This list can send a few messages–it draws lines around who is and is not included in the genre. What kinds of stories–and readers–are acceptable. Notably absent are urban fantasy and paranormal romance titles. I wonder why?

The compiler of the list, Andrew Liptak, is himself an anthologist and editor. And he’s writing a history of science fiction so one would think he’d be more aware of this issue and the ongoing discussion around it. I am really saddened that this list is so heavily weighted towards male writers. A quick look at Liptak’s bibliography shows that he’s extremely well-read in a few specific subgenres of SF/F/H and this may be a contributing factor to the books he’s selected for this listicle. However, he’s not writing just for readers of his preferred subgenres, but for all of Buzzfeed’s audience. Which I think we can safely assume is quite diverse.

Astronaut Hello Kitty continues the tour, this time to the land of Sharon Shinn.

Astronaut Hello Kitty continues the tour, this time to the land of Sharon Shinn.

So, back to my experiment with the advanced search tool on Amazon to see how many SF/F/H books written by women I was able to find that were being released in September.  I’m including a handful of reissues and some short story collections and one non-fiction title.  These are in no particular order and I’m sure some of them aren’t very good.  I also excluded self-pub titles on the grounds that I don’t know very much about that segment of the market to be confident that the titles aren’t 20 pages of story for $2.99. But there are certainly more than 14 SF/F/H books solely authored or edited by women coming out this month.

You’ll note that a lot of these titles are urban fantasy or paranormal romance. Interesting, no?

  • Son of No One, Sherrilyn Kenyon
  • Shifting Shadows: Stories from the World of Mercy Thompson, Patricia Briggs
  • The Winter Long, Seanan McGuire
  • Dark Blood, by Christine Feehan
  • Night’s Honor, Thea Harrison
  • Black Water: A Jane Yellowrock Collection, Faith Hunter
  • The Witch with No Name, Kim Harrison
  • Night Unbound, Dianne Duvall
  • Wood Sprites, Wen Spencer
  • Ghost Layer, Robin D. Owens
  • Forged by Desire, Bec McMaster
  • Dragon Age: Last Flight, Liane Merciel
  • Love Bites, Angela Knight
  • House Immortal, Devon Monk
  • Dangerous, Jacquelyn Frank
  • Wickedly Dangerous, Deborah Blake
  • Beauty’s Beast, Amanda Ashley
  • Doctor Who: The Official Quiz Book, Jacqueline Rayner
  • Hunter’s Trail, Melissa F. Olson
  • Fortunes of the Imperium, Jody Lynn Nye
  • Rogue’s Paradise, Jeffe Kennedy
  • Chained by Night, Larissa Ione
  • Priestess Dreaming, Yasmine Galenorn
  • Battle for the Blood, Lucienne Diver
  • Yesterday’s Kin, Nancy Kress
  • Stories of the Raksura: Volume One: The Falling World & The Tale of Indigo and Cloud, Martha Wells
  • The Clockwork Dagger: A Novel, Beth Cato
  • Species Imperative, Julie E. Czerneda
  • The City, Stella Gemmell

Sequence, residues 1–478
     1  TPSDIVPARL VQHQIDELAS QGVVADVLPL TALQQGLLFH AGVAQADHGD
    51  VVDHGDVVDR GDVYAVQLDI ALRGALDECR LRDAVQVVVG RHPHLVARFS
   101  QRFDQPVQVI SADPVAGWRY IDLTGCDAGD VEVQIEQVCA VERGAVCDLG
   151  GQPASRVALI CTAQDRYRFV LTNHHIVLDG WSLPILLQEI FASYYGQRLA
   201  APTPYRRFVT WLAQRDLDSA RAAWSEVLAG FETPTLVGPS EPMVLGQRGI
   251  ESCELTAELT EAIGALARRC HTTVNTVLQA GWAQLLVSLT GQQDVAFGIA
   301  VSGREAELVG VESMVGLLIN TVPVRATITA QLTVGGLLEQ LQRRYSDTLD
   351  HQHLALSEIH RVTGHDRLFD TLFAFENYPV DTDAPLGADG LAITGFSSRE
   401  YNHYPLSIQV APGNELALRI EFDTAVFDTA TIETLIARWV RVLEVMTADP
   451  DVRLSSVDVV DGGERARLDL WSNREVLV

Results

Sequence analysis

• Generation 18, Keri Arthur
  • The Gifted Dead, Jenna Black
  • The Seventh Sigil, Margaret Weis and Robert Krammes
  • Summer Moon, Jan DeLima
  • Watermark, E. Catherine Tobler
  • Heir of Fire, Sarah J. Maas
  • Trial by Fire, Josephine Angelini
  • Shattered, Mari Mancusi
  • The Jewel, Amy Ewing
  • The Caller, Juliet Marillier
  • Illusions of Fate, Kiersten White
  • Mary: The Summoning, Hillary Monahan
  • Belzhar, Meg Wolitzer
  • The Vault of Dreamers, Caragh M. O’Brien
  • Winterkill, Kate A. Boorman
  • Of Monsters and Madness, Jessica Verday
  • The Perilous Sea, Sherry Thomas
  • Unmade, Sarah Rees Brennan
  • The Winter People, Rebekah L. Purdy
  • Winterspell, Claire Legrand
  • Tabula Rasa, Kristen Lippert-Martin
  • Firebug, Lish McBride
  • Falls the Shadow, Stefanie Gaither
  • Silvern, Christina Farley
  • Poisoned Apples: Poems for You, My Pretty, Christine Heppermann
  • Love Is the Drug, Alaya Dawn Johnson
  • Lark Rising, Sandra Waugh
  • Color Song, Victoria Strauss

This list–a very fast, cursorily compiled list–makes me think of Joanna Russ and How to Suppress Women’s Writing:

The Double Standard of Content is perhaps the fundamental weapon in the armory and in a sense the most innocent, for men and women, whites and people of color do have very different experiences of life and one would expect such differences to be reflected in their art. I wish to emphasize here that I am not talking (vis-à-vis sex) about the relatively small area of biology–about this kind of difference in experience, men are often curious and genuinely interested–but about socially-enforced differences. The trick in the double standard of content is to label one set of experiences as more valuable and important than the other. This we have added to She didn’t write it and She did, but she shouldn’t have, a third piece of denigration: She did, but look what she wrote about. (40)

Astronaut Hello Kitty is a huge Joanna Russ fan. Huge.

Astronaut Hello Kitty is a huge Joanna Russ fan. Huge.

Faith in Humanity: Restored (For Now) or, The 2014 Hugo Award Winners

Look at this list of awesome Hugo Award winners!

Oh, my heart. Fandom.

And yes: there are a few parts of the nominating and voting results that warm the very cockles of my heart. Like “No Award” coming in fifth place for Best Novelette.  Delightful.

My main entertainment today, apart from watching the Hugo livestream has been watching my new bird feeder in the back yard. We have goldfinches and house finches and cardinals! So far!

What Happened After I Reported

Elise Matthesen–who I am honored to call my friend–has written the following essay about what happened after she reported harassment at WisCon 37.
 
Comments are moderated. The ban hammer is out.